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Market Sense and Nonsense: How the Markets Really Work (and How They Don't) by Joel Greenblatt, Jack D. Schwager

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Chapter 6

Track Record Pitfalls

Track records can mislead as well as enlighten. Some of the major pitfalls in drawing inferences from track records include the following:

1. Hidden risk.
2. Irrelevant data.
3. Good performance due to high risk rather than manager skill.
4. Apples-and-oranges comparison errors.
5. Longer records that are less meaningful.

Hidden Risk

A primary way in which track records mislead is by what is not there. The track record may not reflect the types of risk inherent in a fund if it is a strategy that is exposed to sporadic risk events and no such event is contained in the track record. In this case, the track record would be unrepresentative and possibly highly misleading. This essential concept was fully discussed in Chapter 4.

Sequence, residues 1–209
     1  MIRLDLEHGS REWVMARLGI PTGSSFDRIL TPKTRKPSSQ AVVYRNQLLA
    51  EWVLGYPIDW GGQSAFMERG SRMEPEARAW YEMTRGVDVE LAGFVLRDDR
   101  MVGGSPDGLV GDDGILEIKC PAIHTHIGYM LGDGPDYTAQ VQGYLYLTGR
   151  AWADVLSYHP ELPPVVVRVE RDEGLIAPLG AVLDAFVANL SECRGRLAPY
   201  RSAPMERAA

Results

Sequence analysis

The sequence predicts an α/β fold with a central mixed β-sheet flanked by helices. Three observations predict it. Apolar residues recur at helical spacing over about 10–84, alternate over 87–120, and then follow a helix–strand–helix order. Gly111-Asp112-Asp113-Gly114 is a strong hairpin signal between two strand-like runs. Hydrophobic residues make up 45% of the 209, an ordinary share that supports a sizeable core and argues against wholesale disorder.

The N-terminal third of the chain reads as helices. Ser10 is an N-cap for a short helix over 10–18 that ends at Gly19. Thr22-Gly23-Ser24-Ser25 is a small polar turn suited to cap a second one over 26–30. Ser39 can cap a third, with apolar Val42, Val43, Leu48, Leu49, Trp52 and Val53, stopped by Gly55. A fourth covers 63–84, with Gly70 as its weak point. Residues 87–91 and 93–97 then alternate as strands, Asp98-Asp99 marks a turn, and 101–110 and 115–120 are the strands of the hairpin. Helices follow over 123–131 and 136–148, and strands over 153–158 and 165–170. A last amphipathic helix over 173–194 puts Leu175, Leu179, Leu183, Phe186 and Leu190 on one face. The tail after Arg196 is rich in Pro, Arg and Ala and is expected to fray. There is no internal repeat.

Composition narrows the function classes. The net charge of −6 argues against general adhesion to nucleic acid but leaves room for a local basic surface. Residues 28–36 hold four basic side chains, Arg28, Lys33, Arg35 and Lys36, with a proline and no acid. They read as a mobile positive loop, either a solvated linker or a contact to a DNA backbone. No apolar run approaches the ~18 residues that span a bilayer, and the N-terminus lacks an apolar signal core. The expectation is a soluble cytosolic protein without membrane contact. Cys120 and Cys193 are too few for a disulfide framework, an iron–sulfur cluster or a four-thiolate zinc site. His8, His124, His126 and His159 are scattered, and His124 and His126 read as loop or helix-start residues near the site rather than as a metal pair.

The Data Relevance Pitfall

Figure 6.1 shows that the bond market has been in a general uptrend for the past 30 years. Consider the implications of this track record for the bond allocation in portfolios employing widely used portfolio optimization approaches. Portfolio optimization will provide the optimal asset mix to get the highest return for any targeted level of volatility (used as a proxy for risk). The results of portfolio optimization are based on the past return and volatility levels of the individual assets and the correlation levels between these assets. Generally speaking, the larger and more sustained an uptrend in bonds, the larger its allocation in an optimized portfolio.

Figure 6.1 Treasury Bond Continuous Futures ...

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